In the car, she texts Castle. "Got a busy morning. Can you meet me for lunch?"
"Absolutley. Thought I didn't have a busy morning but Bob Weldon just called and wants me to come to some hush-hush meeting in his office at ten."
"Sure the Mayor will spring you for lunch?"
"Yeah, said it would be quick."
"Made a res."
"You? Beckett! What's the occasion?"
"Heard about a fantastic new place on the river. Hudson Heaven."
"That place that got the total rave in the Times last week?"
"How'd you swing that?"
"Know a guy. We have to be there at 12:30. Gotta go. See ya. xo"
She managed not to drop the phone once during that sweaty-palmed textathon, and now she's here. Oh, boy. After the driver pops the trunk and gets the bags out, she walks to a side entrance where Bob's assistant is waiting for her.
"Good morning, Tanya. Thanks for being my escort, since I have no idea where I'm supposed to go." They make a series of turns, the suitcase wheels whirring on the terrazzo floor, and stop at a solid-oak door.
"You're right in here," Tanya said, gesturing for Beckett to go in. "I'm next door, so holler if you need anything. I'm taking this roll-on suitcase to the Mayor, right?"
"Yes, please. And thank you for everything."
She steps in and sees Martha and Alexis by the window. "Oh, thank God," she says, race-walking to grab them in a hug. "You're here."
"Why don't you take off your coat, Katherine, and hand it to me."
"Not sure if I can manage the buttons."
"I can," Alexis says, undoing them easily and then lifting off the coat.
Both women gasp when they see Beckett's dress. It's ivory silk, flowing liquidly over her and just brushing the tops of her knees. A high neck and cutaway sleeves leave her shoulders bare, and her arms mostly exposed. A long, narrow slit runs from just above her collarbone to just between her breasts.
"Beautiful!" Martha says.
"Gorgeous," says Alexis.
"You think he'll like it? I can't believe I could get it. Just luck, yesterday, before I met you."
"Like it?" Martha says, one perfectly arched brow raised. "I hope you packed an oxygen tank in that bag you brought for him. And speaking of packing things, Alexis and I didn't know if you were set for something old, something borrowed and something blue, so we brought these." She opens her bag and removes a box of sapphire earrings. "They cover all three categories, darling. They belonged to my grandmother, which makes them, dear Lord, really really old, and they're borrowed from me and they're blue."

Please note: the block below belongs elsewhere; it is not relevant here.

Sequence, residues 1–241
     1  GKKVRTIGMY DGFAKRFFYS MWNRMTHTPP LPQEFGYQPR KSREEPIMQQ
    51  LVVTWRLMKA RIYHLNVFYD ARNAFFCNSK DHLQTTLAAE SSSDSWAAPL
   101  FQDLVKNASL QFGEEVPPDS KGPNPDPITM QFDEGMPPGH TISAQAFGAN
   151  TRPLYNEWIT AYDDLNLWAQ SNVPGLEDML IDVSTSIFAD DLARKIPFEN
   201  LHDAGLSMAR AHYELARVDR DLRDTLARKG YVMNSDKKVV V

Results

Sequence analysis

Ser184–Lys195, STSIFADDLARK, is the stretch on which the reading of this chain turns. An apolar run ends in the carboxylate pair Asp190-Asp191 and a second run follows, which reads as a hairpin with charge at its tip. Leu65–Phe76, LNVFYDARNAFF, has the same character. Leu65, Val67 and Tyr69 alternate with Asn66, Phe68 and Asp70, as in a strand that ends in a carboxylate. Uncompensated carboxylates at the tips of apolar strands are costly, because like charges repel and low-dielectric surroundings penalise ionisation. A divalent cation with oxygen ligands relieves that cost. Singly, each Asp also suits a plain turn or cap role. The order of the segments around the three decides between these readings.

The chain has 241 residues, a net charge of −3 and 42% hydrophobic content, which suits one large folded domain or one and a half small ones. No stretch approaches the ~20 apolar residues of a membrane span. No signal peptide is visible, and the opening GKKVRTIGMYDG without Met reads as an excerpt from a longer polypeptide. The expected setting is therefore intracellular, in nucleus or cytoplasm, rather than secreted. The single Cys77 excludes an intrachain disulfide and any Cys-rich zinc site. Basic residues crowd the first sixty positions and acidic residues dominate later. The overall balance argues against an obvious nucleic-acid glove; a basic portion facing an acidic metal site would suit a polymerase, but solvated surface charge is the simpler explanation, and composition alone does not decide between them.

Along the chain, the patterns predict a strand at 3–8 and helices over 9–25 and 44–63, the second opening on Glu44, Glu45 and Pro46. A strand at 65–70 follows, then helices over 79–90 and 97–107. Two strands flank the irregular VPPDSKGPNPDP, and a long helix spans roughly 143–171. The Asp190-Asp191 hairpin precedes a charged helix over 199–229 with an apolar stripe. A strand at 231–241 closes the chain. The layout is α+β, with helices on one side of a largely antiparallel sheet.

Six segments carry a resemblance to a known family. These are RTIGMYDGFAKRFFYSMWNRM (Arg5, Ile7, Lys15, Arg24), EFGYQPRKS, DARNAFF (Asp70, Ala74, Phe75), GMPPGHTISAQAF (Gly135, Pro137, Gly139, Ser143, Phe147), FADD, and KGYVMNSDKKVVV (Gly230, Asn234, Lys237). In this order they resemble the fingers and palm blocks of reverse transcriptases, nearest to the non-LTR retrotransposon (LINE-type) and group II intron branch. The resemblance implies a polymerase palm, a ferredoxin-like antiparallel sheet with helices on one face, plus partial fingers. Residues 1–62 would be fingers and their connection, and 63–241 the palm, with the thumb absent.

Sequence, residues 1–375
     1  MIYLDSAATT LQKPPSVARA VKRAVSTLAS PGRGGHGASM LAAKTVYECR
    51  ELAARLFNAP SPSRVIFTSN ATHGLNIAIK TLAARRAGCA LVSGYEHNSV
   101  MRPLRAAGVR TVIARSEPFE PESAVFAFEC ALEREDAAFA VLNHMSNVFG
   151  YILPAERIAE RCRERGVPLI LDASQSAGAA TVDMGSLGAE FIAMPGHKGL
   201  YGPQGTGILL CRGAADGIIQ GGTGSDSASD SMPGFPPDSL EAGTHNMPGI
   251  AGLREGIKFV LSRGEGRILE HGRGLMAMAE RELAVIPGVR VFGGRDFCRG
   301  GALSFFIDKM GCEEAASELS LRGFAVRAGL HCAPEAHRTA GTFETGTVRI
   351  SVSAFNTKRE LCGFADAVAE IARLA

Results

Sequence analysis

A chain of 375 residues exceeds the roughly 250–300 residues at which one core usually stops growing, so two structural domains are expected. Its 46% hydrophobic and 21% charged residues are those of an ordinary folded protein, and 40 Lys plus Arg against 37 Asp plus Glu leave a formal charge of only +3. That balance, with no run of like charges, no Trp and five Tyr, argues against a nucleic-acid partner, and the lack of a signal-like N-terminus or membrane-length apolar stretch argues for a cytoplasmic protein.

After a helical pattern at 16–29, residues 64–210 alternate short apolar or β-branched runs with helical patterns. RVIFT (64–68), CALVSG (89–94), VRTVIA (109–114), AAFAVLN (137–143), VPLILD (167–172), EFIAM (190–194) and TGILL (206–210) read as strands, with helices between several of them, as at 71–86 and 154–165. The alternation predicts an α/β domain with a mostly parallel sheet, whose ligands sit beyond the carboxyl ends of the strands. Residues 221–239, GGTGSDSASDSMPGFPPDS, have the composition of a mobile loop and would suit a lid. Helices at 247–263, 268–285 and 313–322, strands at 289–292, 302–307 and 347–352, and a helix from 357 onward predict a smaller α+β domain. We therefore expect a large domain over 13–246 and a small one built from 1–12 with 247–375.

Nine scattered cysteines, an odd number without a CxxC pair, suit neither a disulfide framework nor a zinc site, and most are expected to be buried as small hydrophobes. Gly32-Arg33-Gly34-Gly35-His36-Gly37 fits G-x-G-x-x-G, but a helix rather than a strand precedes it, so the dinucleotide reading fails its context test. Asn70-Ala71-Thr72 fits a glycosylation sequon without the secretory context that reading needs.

"Don't let me cry, Martha. Thank you, I—. Just thank you. My mom is here with me." She holds up her right hand. "I'm wearing her ring that I used to wear around my neck. Oh, and oh, God how could I have forgotten? Have you seen—yes, here it is, on the chair. The boxes of flowers. A small bouquet for each of you and one for me and a boutonnière for my father and one for Castle, which we should give to Tanya. Do you have the rings, Alexis?"
"Yes, here, in my pocket."
"You won't believe it, but I got them free."
"Free?" Martha squeaks. "How on earth? They're from Van Cleef and Arpels, for heaven's sake."
"I know, amazing, right? When I went to pick them up yesterday the saleswoman wouldn't let me pay. Said they were a gift from Henry Billings, the number-two guy there. I was bowled over. Years and years ago when I was a beat cop I helped his son out a jam. He was just a kid. But his father never forgot it, apparently."
There's a knock on the door. Beckett knows exactly who it is, and suddenly feels a little weak at the silk-dusted knees. "Come in."
It's her father, looking very handsome in a charcoal-gray suit. "Hi, Dad."
"Hi, Katie," he says, pulling her in for a hug. "You look so beautiful. I wondered if I'd ever see this day, and here it is. This is one hell of a surprise you're pulling off."
"Yeah?" She's suddenly bashful.